Imagine a friend sharing a piece of wisdom or insight. You listen and mull the words over in your mind. This is possible because you have made time, no hurrying or rushing to the next appointment.  You ask your friend to utter the words again and once again you listen, lingering over the words to see if they take on any new meaning. Without fear of redundancy or seeing rolling eyes, you ask your dear friend to say the words once more, because these are good words.  Your friend smiles, speaks the words aloud and now the conversation begins.

In lectio divina, you are the one who speaks the words aloud. You are the one who mulls and reflects and turns the words and phrases upside down until you are right side up. You are the one who initiates conversation with your Maker.

So many spoken words surround us on a given day. News reports, bad news, phone calls, words during a meeting, kids bickering over the remote control, or simply the people in your home talking loudly. 

How often do you read aloud, softly, and slowly?

When was the last time you heard words spoken over yourself, in your voice?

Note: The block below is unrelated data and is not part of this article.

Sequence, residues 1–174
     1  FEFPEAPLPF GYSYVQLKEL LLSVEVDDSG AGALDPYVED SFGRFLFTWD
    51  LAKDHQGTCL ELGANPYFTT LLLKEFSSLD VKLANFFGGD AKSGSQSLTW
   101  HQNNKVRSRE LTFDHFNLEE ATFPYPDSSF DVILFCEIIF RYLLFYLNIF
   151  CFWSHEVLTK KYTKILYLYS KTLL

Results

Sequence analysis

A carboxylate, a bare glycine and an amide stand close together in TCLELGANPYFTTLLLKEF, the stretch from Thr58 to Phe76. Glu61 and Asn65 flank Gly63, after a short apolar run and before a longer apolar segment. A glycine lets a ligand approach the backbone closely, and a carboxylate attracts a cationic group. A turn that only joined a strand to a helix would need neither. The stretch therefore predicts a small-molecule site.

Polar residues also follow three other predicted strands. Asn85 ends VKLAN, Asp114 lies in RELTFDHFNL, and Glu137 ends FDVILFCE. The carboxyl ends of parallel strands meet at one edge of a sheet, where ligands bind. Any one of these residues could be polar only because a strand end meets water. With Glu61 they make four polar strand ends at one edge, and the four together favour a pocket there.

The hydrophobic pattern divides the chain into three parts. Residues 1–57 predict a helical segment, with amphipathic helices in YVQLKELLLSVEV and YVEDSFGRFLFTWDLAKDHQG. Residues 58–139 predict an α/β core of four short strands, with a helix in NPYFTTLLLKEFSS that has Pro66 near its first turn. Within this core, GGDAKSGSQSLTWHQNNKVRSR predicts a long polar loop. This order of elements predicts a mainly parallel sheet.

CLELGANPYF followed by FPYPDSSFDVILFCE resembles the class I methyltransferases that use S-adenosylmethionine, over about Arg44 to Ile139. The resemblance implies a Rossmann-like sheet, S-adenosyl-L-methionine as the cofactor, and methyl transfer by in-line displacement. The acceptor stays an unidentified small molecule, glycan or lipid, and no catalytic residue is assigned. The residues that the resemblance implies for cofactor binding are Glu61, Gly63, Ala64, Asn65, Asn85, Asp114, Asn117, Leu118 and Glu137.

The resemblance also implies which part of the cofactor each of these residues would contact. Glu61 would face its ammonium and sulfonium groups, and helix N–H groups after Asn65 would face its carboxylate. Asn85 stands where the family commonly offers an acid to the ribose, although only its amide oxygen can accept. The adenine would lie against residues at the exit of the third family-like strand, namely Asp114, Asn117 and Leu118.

What if you paused and considered what these particular words could teach or guide you on this particular day?

What if instead of reading words quickly and moving to the next task, you allowed yourself to linger over words over, over, and over again? 

How many epiphanies have been missed because of refusing to slow down and sit with words?

 Perhaps you might exit the time of lectio divina with a lighter heart, a new resolve, or with renewed hope. 

My invitation to you is to try lectio divina. 

I will guide you.  

Last week, I kept stumbling across two scriptures and a very well-known prayer. I heard the verses on podcasts and read them in books. The prayer was repeatedly posted by attendees in the chatbox of my Weight Watchers virtual meeting. Go figure.
I tend to rush over passages I know quite well. But when I read the words out loud and without hurrying, I uncover unmined gems.

Below I have included the prayer and the two scriptures I found great comfort in this past week.

Choose one.

Following these three options, I adapted the practice of lectio divina for you and have provided additional resources at the end of this post.

 

/1/

The Serenity Prayer

God grant me the serenity to accept the things I cannot change;

courage to change the things I can; and wisdom to know the difference.

 

/2/

Don’t worry about anything; instead, pray about everything. Tell God what you need, and thank him for all he has done.  Then you will experience God’s peace, which exceeds anything we can understand. His peace will guard your hearts and minds as you live in Christ Jesus.